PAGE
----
For example, in November of last year, DeFi protocols locked more than $200 billion in assets in smart contracts. The multi-chain model has helped the likes of Polygon and Avalanche become dominant projects in the DeFi ecosystem, with billions of dollars worth of assets locked up.


Then came the NFT craze , generating more than $22 billion in transaction volume last year. Meanwhile, the top 100 most valuable NFTs on Ethereum have a market cap of $16.7 billion. Artists like Beeple, Pak, and Fewocious brought NFTs to the mainstream stage, and collectibles like CryptoPunks and BAYC became a cultural phenomenon , attracting celebrities and brands to the space. The potential of this blockchain use case is revealed as NFTs enable ownership and authentication.

Similar to NFTs, blockchain-based games will grow exponentially during 2021. Games like Axie Infinity, Upland, and Alien Worlds employ cryptocurrencies and NFTs to compensate their players, creating new revenue streams. The popularity of such games, especially in emerging economies, gave birth to the concept of Play-to-earn.


With Facebook’s rebranding, a new hype cycle has been created, a narrative around the “metaverse.”

Cryptocurrencies and NFTs associated with the Metaverse have experienced significant demand growth, leading to fairly high valuations. In Q4 2021, Metaverse-related Dapps generated over $330 million in NFT transaction volume and over 50,000 unique traders, with VCs and other investors pouring into blockchain-based metaverse and gaming projects record funding.

Last November, the blockchain industry hit a new peak, with Bitcoin reaching $69,000, a 360% increase in a year, and Ethereum and most cryptocurrencies peaking in the same month. After Meta’s announcement, the market cap of cryptocurrencies surpassed $2.8 trillion, and the industry was full of optimism.

Complex Macro Situation

The time comes to 2022, and the current state of the industry is much better than it was four years ago.

Hundreds of applications spanning multiple blockchain ecosystems attract 2.5 million active wallets; investor profiles are also quite different, with institutional and corporate investors now dominating the crypto space ; the popularity of crypto derivatives, Cumulative Crypto Assets Under Management (AUM) is approaching $60 billion; meanwhile, VCs and private investors have poured over $30 billion into blockchain projects, a third of which are in games and metaverse projects to help them Building the foundation for the Web3 metaverse.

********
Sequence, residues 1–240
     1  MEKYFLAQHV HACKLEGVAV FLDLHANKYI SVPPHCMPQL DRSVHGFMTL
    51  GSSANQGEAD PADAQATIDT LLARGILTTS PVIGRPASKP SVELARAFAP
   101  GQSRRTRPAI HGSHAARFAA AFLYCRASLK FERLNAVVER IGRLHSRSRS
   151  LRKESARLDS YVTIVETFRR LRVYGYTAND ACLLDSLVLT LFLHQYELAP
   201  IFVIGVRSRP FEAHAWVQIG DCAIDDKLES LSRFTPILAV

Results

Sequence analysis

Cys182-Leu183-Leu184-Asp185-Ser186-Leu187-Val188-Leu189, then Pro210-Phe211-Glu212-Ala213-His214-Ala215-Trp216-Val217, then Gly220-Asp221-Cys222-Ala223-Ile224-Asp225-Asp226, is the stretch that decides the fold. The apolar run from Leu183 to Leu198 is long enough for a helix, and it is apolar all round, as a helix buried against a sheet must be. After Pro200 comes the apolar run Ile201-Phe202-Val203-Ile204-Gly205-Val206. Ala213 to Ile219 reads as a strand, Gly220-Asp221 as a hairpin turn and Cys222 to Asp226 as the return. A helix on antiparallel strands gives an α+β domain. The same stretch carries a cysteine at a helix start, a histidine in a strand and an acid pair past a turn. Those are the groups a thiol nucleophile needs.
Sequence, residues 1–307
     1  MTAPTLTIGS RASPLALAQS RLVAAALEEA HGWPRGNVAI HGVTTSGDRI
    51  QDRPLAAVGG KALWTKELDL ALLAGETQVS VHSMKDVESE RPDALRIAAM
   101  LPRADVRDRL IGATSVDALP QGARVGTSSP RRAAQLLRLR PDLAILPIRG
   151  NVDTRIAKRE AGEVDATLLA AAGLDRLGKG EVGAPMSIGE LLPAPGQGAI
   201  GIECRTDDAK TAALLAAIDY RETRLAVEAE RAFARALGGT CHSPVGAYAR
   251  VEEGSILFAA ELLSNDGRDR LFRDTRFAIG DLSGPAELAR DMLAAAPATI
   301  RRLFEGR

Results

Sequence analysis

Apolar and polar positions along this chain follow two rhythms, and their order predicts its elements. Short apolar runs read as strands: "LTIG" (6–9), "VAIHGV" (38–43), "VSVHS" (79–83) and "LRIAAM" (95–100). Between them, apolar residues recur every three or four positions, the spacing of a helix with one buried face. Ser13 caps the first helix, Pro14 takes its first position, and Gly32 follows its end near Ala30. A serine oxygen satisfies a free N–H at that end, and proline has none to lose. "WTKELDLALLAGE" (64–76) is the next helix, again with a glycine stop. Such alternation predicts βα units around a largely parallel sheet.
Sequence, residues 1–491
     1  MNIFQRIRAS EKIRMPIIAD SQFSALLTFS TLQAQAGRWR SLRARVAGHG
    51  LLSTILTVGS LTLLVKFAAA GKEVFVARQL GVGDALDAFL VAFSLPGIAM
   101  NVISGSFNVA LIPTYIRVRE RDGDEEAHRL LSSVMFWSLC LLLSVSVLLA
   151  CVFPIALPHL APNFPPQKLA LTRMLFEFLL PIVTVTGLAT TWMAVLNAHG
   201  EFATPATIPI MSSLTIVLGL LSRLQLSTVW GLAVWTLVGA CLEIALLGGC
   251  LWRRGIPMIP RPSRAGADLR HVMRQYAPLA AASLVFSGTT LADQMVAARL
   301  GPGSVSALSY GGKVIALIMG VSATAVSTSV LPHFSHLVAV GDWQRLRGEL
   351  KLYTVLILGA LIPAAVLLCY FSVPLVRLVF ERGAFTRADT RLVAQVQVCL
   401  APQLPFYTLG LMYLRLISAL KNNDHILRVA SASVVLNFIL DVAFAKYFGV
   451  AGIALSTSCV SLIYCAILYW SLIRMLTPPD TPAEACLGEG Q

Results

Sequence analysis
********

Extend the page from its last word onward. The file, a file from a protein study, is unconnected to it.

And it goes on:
From a macro perspective, things are different now than they were in 2018. The negative impact of the Ukrainian-Russian war has brought severe challenges to global markets, and not long ago, the Federal Reserve (FED) raised interest rates by 0.5% for the first time in two years, confirming the suspicion at the beginning of the year that the Fed was about to raise interest rates in response to rising inflation.

In addition, the wave of money printing is starting to have an impact. With the S&P 500 off to its worst start since World War II and U.S. inflation at levels not seen in nearly 50 years, these macroeconomic factors are sending markets into what appears to be a recession.


The macroeconomic situation has thwarted the bull trend fueled by the Metaverse, and despite the industry’s profound evolution over the past four years, Bitcoin has fallen 55% since its all-time high in November, and the Terra event gave the first macroeconomic experience The recessionary cryptocurrency market has brought more pressure.

Is Crypto Winter Coming?

However, compared to the crypto winter of 2018, the market conditions we are seeing now are markedly different.

First, the blockchain industry has gone from a small group of isolated networks to a series of interconnected ecosystems that attract millions of everyday users. Three main categories – DeFi, NFTs, and GameFi flourished into multi-billion dollar segments.